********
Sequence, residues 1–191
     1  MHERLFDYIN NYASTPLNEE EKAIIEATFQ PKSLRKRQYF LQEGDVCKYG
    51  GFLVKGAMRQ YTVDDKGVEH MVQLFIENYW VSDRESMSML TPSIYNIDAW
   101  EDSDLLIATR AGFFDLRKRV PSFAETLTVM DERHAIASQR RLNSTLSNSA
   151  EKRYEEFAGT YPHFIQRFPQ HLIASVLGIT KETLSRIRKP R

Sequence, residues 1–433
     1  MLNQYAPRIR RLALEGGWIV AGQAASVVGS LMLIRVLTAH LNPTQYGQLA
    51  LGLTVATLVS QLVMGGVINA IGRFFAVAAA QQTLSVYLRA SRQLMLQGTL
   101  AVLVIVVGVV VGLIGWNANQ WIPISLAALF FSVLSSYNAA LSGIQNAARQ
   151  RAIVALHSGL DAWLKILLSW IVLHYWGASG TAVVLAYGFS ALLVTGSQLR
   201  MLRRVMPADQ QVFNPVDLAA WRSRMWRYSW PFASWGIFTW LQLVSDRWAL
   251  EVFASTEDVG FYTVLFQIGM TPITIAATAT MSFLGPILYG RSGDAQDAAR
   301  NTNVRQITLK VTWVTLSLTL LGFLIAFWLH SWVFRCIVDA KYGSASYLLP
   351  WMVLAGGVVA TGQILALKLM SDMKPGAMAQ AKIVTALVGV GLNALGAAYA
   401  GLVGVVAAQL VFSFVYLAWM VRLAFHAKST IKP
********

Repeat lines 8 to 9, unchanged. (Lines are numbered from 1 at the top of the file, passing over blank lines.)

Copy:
    51  LGLTVATLVS QLVMGGVINA IGRFFAVAAA QQTLSVYLRA SRQLMLQGTL
   101  AVLVIVVGVV VGLIGWNANQ WIPISLAALF FSVLSSYNAA LSGIQNAARQ